This autobiographical book is magical! Rebanks was born into a sheep farming family in England’s Lake District. Farmers and their livestock (mostly sheep) are tied to their land by intense historical and cultural bonds. The sheep are raised on land too steep and rough for other agriculture (and possibly for other human use). Most of the sheep fend for themselves several months of the year, taking advantage of summer pastures held as “common” land, now generally owned by the British National Trust. Sheep are raised for meat, though much of their economics is determined by their breeding value. I was surprised to learn that wool no longer has much market value. The sheep must be shorn for their own health, but sometimes the wool is discarded, not being worth transport to market. I wonder if wool may regain its value in the future.

Rebanks builds his narrative around the seasons. Winter in the Lake District sounds brutal. It would be hard even if one wasn’t keeping livestock out of doors.

The Shepard’s Life was not written as a critique of the English educational system, but it can and should be read as such. Local teachers, no doubt with good intentions, told farm kids they should “think big”, consider careers off the farm and out in the “wider” world. The cumulative impact of these statements was to devalue the lives and business enterprises of the farm families.

Of his school’s headmistress, he says “The idea that we, our fathers, and mothers might be proud, hardworking, and intelligent people doing something worthwhile or even admirable was beyond her”.

Children became alienated from school by the time they reached their early teens, and they “acted out” with rudeness and delinquency. Rebanks stopped attending school before the age of 16. He was completely determined to follow in the footsteps of his beloved grandfather, who taught him “sheparding”, a way of life on the land handed down through generations and generations of farmers.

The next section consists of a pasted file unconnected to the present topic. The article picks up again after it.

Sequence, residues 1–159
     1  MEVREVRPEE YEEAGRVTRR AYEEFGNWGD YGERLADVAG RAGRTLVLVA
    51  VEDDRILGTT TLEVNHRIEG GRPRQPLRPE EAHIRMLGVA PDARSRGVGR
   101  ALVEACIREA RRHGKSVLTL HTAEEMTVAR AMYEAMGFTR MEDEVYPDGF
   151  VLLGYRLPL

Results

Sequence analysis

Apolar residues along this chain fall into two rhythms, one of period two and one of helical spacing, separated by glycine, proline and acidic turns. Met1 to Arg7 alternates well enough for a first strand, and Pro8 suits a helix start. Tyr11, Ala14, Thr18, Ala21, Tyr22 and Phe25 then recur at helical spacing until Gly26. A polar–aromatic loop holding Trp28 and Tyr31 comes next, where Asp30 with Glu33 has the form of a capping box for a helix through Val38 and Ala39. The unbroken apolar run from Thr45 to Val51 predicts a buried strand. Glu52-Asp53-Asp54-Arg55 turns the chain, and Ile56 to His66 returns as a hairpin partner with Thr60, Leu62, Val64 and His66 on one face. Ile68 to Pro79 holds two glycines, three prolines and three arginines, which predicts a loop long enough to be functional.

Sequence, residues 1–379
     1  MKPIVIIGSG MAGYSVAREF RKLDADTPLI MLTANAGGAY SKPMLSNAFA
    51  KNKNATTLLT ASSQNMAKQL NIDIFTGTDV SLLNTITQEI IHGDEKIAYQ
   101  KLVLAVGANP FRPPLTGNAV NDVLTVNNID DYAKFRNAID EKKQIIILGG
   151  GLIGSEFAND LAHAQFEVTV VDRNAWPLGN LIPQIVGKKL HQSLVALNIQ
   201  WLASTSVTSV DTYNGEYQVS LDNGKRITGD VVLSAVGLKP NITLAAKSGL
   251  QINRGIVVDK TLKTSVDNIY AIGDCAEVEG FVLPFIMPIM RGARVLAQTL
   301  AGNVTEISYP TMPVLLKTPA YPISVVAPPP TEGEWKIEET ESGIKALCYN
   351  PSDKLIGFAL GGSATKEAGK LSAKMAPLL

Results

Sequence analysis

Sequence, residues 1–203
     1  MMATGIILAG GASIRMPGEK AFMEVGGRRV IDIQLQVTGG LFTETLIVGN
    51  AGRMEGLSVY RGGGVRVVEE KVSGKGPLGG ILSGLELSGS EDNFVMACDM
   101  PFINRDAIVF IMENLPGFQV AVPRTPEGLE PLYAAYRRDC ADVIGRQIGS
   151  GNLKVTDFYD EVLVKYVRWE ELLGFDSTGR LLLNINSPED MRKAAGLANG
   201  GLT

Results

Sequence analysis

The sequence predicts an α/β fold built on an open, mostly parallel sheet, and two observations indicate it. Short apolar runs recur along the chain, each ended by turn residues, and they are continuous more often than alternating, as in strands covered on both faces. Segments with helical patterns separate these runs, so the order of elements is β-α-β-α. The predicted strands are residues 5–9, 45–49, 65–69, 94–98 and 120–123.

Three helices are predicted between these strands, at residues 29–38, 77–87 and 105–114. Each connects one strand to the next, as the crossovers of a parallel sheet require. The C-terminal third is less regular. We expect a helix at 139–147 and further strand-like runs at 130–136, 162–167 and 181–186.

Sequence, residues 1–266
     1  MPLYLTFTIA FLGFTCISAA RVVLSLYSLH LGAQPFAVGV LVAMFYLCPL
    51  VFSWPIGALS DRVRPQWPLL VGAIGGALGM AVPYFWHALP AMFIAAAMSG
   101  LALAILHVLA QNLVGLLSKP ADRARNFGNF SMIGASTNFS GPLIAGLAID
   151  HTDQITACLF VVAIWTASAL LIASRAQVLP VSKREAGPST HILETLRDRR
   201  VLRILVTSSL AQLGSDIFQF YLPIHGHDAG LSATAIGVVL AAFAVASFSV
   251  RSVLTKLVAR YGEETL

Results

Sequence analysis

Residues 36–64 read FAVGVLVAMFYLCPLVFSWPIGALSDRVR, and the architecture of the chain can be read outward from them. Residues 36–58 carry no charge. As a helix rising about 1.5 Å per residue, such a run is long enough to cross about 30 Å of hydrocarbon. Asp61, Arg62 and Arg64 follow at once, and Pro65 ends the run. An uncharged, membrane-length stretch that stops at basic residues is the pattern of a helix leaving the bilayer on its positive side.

Rebanks’ father was “semiliterate” and scornful of education, but his mother wanted him to finish school. She valued reading. Once out of school, Rebanks became an avid reader. Eventually he attended night classes to prepare for university. His interview with Oxford included a heated argument with a tutor. Most of the time that he was enrolled, he returned home regularly to work on the farm.

Sheep farming in the Lake District provides only a subsistence income. Like many farmers, Rebanks has worked at other jobs in order to keep farming. He serves as a consultant to UNESCO on ecotourism. He jumped into the social media scene with a Twitter account in 2012. It was a surprise runaway hit, leading to an article in The Atlantic magazine and then to the book. Does this mean I should join Twitter?? (No… too little time!)